# Logic Elements of Boolean Algebra

## Logic Elements of Boolean Algebra

Boolean algebra is a system named after George Boole, a mid-nineteenth-century English mathematician. It is based on the binary number system described earlier in this chapter. In addition to the binary elements (0 and 1) it also includes a number of operators. The four fundamental Boolean operators are:

• NOT

• AND

• OR

• XOR

There are two other operators derived from the three basic ones:

• NAND

• NOR

 Note As you know from Chapter 11, operators can be unary and binary (in this case the word "binary" is by no means related to binary numbers; it only means that the operator requires two operands). NOT is a unary operator; all other operators covered in this appendix are binary.

### NOT (complement or inverter)

The NOT operator accepts the value of one Boolean variable as input and outputs the opposite of this value. See Table L-5.

 VALUE 0 1 NOT (VALUE) 1 0

### AND (Boolean product)

The AND operator accepts two Boolean variables as input and outputs their Boolean product. See Table L-6.

 VALUE1 0 0 1 1 VALUE2 0 1 0 1 VALUE1 AND VALUE2 0 0 0 1

### OR (Boolean sum)

The OR operator accepts two Boolean variables as input and outputs their Boolean sum. See Table L-7.

 VALUE1 0 0 1 1 VALUE2 0 1 0 1 VALUE1 OR VALUE2 0 1 1 1

### XOR (exclusive OR)

The XOR operator accepts two Boolean variables as input and outputs their exclusive Boolean sum (exactly one of the variables must be 1 for XOR output to be 1). See Table L-8.

 VALUE1 0 0 1 1 VALUE2 0 1 0 1 VALUE1 XOR VALUE2 0 1 1 0

### NAND (inversed AND)

The NAND operator accepts two Boolean variables as input and outputs the opposite of their Boolean product. See Table L-9.

 VALUE1 0 0 1 1 VALUE2 0 1 0 1 VALUE1 NAND VALUE2 1 1 1 0
 Note NOT(A AND B) is not the same as NOT(A) AND NOT(B).

### NOR (inversed OR)

The NOR operator accepts two or more Boolean variables as input and outputs the complement of their Boolean sum. See Table L-10.

 VALUE1 0 0 1 1 VALUE2 0 1 0 1 VALUE1 NOR VALUE2 1 0 0 0
 Note NOT(A OR B) is not the same as NOT(A) + NOT(B).

### Rules of precedence

Table L-11 shows the precedence rules of the Boolean algebra operators.

Table L-11: Boolean Algebra Operator Precedence

Precedence level

Operator

1

brackets ( )

2

Boolean complement NOT

3

Boolean product AND

4

Boolean sum OR

 Note Brackets have the highest precedence, i.e., everything inside brackets is evaluated first.

Table L-12 illustrates how the precedence rules are used when evaluating the expression: NOT (TRUE OR FALSE) OR TRUE AND FALSE.

 Note Remember, 1 in Boolean algebra means TRUE and 0 means FALSE.
Table L-12: Precedence Rules Illustration

Step

Expression

Explanation

1

NOT(1 OR 0) OR 1 AND 0

1 OR 0 is inside the brackets, so evaluate it first. The result is 1, so replace (1 OR 0) with 1.

2

= NOT(1) OR 1 AND 0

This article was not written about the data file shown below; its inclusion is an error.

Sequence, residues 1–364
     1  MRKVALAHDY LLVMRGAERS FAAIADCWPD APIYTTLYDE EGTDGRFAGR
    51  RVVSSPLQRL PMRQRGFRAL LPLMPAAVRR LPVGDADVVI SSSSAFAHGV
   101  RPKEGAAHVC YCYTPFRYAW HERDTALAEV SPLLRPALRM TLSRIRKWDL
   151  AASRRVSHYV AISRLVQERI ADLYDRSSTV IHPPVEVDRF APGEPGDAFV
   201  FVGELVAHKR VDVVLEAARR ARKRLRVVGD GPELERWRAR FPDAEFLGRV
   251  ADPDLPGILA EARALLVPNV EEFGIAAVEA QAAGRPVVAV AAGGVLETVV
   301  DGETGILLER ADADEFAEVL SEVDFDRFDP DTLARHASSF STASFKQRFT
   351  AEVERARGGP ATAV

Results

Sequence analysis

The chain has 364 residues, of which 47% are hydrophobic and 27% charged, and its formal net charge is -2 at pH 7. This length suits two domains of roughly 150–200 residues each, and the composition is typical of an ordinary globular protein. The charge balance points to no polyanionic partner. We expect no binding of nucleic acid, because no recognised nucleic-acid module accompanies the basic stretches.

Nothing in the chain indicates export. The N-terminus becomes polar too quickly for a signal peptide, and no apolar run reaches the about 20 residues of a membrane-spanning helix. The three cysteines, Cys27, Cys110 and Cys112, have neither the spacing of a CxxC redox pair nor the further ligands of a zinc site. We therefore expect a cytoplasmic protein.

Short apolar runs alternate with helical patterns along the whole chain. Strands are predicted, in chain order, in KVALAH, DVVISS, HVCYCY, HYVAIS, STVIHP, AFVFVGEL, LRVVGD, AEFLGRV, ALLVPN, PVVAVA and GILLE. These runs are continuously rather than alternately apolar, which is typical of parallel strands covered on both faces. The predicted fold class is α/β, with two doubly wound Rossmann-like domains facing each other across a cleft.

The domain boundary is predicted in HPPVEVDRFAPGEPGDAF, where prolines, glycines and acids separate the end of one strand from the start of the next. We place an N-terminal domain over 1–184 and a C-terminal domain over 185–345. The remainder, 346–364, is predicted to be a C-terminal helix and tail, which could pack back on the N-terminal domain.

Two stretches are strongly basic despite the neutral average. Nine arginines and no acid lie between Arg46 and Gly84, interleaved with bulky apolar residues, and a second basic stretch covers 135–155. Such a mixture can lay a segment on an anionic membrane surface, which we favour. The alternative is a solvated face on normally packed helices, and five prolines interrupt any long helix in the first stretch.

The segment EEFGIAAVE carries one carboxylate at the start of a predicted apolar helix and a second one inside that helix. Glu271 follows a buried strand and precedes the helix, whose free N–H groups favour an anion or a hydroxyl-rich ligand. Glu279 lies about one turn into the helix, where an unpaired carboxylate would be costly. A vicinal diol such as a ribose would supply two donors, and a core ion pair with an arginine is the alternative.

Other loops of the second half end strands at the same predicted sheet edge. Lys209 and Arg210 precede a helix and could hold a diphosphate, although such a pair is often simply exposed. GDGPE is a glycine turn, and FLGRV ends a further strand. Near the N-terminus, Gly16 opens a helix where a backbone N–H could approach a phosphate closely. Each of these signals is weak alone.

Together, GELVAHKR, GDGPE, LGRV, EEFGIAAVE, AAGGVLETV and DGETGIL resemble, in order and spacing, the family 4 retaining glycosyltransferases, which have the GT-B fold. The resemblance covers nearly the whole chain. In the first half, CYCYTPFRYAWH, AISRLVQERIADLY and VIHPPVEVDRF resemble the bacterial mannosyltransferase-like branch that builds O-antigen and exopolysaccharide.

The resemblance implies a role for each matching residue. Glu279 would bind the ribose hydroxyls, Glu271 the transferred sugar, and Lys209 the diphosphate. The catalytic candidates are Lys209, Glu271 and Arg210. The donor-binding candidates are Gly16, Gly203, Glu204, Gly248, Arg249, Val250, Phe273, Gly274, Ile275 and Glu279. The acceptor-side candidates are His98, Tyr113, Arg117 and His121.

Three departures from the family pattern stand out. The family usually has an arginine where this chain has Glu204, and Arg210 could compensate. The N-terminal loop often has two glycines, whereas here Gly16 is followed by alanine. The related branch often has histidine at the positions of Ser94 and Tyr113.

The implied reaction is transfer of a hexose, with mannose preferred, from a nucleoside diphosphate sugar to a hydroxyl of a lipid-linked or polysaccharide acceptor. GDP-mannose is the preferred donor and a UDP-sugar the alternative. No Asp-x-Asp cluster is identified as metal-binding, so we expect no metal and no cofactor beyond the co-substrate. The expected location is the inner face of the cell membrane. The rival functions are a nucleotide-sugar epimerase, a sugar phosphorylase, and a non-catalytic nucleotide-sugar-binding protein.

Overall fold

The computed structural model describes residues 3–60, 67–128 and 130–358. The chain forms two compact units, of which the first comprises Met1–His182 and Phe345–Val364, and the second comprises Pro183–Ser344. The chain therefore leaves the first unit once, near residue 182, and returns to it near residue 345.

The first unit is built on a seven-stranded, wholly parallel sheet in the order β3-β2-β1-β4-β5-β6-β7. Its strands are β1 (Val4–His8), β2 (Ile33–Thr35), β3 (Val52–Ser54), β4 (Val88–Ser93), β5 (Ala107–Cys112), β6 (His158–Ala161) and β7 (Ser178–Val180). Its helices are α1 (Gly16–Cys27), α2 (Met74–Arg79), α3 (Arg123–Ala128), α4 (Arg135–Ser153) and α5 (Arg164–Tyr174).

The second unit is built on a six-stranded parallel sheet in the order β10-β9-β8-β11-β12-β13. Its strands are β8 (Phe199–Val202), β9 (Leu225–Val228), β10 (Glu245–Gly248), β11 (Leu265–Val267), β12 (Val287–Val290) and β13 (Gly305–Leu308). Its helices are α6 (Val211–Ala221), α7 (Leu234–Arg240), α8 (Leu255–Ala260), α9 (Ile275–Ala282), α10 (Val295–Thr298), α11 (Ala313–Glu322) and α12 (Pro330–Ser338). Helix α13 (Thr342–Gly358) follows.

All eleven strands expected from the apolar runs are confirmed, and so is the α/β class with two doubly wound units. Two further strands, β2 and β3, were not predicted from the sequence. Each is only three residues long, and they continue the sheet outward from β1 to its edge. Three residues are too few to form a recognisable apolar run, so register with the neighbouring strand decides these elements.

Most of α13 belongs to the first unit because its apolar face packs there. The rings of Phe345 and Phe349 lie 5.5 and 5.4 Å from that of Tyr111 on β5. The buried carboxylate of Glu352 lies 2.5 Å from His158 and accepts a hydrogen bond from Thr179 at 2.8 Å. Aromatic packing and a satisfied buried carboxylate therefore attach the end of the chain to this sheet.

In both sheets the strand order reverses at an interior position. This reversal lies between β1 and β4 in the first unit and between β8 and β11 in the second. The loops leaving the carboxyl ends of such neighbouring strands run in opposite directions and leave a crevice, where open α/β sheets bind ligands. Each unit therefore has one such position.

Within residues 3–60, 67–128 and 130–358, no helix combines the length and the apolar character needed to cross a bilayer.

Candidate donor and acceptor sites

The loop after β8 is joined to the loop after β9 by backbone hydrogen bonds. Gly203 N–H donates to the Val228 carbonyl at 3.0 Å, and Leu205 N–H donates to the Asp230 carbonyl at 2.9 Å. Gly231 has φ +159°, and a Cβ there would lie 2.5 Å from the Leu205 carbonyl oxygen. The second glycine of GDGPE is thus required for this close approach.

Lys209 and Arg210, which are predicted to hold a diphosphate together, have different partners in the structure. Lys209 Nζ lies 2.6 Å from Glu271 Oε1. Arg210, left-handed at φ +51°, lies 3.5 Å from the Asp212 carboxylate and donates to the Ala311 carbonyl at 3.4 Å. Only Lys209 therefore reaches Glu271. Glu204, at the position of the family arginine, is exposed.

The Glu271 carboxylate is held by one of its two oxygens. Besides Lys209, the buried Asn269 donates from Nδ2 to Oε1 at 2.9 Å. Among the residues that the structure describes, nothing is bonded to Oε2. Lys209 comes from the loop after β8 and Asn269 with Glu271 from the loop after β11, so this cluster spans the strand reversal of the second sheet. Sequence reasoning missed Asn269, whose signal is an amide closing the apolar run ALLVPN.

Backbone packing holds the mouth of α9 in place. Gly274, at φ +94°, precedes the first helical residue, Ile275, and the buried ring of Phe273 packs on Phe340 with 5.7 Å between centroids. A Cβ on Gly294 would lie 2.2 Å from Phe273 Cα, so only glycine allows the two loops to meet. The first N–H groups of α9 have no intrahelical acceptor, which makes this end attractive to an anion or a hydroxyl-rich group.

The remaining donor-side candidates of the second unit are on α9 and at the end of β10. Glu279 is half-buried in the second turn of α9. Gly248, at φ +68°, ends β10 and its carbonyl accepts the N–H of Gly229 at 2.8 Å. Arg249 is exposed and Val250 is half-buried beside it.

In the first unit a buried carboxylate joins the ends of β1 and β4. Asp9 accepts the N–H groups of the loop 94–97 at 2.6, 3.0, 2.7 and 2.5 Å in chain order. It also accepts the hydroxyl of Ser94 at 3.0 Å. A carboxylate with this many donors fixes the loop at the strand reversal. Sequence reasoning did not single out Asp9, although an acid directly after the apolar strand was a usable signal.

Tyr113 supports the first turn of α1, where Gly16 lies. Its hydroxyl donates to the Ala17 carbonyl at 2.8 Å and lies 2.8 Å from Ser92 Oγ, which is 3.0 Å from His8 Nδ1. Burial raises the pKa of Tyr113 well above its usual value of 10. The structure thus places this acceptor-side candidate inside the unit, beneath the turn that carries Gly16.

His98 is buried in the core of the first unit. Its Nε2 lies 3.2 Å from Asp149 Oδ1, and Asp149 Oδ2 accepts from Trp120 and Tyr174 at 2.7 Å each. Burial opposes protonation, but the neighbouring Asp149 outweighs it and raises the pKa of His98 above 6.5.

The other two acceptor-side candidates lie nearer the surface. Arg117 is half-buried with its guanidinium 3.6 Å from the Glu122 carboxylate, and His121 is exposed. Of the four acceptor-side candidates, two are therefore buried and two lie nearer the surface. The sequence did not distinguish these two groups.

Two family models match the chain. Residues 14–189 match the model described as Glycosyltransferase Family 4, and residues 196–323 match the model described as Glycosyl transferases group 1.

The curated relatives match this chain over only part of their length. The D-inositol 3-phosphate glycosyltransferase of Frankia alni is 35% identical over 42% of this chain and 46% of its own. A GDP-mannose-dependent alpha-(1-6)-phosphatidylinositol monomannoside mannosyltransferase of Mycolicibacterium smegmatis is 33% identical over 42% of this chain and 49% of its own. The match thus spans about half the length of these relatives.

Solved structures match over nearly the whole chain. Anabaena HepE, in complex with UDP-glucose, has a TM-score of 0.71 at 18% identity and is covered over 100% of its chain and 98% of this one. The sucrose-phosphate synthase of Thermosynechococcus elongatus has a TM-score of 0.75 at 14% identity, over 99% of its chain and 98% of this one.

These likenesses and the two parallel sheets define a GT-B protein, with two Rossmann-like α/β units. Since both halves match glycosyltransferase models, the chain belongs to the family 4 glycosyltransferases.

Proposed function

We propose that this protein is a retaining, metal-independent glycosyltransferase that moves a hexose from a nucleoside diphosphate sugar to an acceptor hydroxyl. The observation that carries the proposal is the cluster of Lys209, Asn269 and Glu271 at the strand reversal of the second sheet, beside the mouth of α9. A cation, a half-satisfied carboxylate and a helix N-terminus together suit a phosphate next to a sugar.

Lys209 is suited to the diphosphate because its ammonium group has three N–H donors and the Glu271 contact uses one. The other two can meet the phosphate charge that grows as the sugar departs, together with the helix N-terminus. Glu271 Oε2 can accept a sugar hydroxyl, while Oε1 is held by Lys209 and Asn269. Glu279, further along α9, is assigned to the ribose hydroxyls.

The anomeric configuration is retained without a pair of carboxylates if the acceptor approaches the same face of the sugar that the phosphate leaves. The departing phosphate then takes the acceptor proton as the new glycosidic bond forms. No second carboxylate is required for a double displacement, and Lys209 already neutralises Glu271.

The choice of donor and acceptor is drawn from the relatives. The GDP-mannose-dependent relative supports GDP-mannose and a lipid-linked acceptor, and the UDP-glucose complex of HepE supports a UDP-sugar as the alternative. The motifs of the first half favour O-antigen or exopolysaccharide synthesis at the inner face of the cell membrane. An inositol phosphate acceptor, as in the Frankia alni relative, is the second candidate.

Evaluate the complement next. NOT(1) = 0. Replace NOT(1) with 0.

3

= 0 OR 1 AND 0

Evaluate the product next. 1 AND 0 = 0. Replace 1 AND 0 with 0.

4

= 0 OR 0

Now, evaluate the sum. 0 OR 0 = 0, so the result of the expression is 0.

5

= 0

We are done.

Table L-13 contains the main identities of Boolean algebra.

Table L-13: Identities of Boolean Algebra

Name

Corresponding Notation

Complement laws

X OR NOT(X) = TRUE X AND NOT(X) = FALSE

Law of the double complement

NOT(NOT(X)) = X

Idempotent laws

X OR X = X
X AND X = X

Identity laws

X OR FALSE = X
X AND TRUE = X

Dominance laws

X OR TRUE = TRUE
X AND FALSE = FALSE

Commutative laws

X OR Y = Y OR X
X AND Y = Y AND X

Associative laws

X OR (Y OR Z) = (X OR Y) OR Z
X AND (Y AND Z) = (X AND Y) AND Z

Distributive laws

X OR (Y AND Z) = (X OR Y) AND (X OR Z)
X AND (Y OR Z) = (X AND Y) OR (X AND Z)

DeMorgan's laws

NOT(X AND Y) = NOT(X) OR NOT(Y)
NOT(X OR Y) = NOT(X) AND NOT(Y)

Absorption law

X AND (X OR Y) = X  BackCover  SQL Bible  Preface  Part I: SQL Basic Concepts and Principles  Part II: Creating and Modifying Database Objects  Part III: Data Manipulation and Transaction Control  Part IV: Retrieving and Transforming Data  Part V: Implementing Security Using System Catalogs  Part VI: Beyond SQL--Procedural Programming and Database Access Mechanisms  Part VII: Appendix  Appendix A: What's on the CD-ROM  Appendix B: The ACME Sample Database  Appendix C: Basics of Relational Database Design  Appendix D: Installing RDBMS Software  Appendix E: Accessing RDBMS  Appendix F: Installing the ACME Database  Appendix G: SQL Functions  Appendix H: SQL Syntax Reference  Appendix I: SQL-Reserved Keywords  Appendix J: SQL99 Major Features Compliance Across Different RDBMS  Appendix K: The Other RDBMS  Appendix L: A Brief Introduction to the Number Systems, Boolean Algebra, and Set Theory  The Number Systems  Logic Elements of Boolean Algebra  Set Theory  List of Figures  List of Tables  List of Code Examples  List of Sidebars  CD Content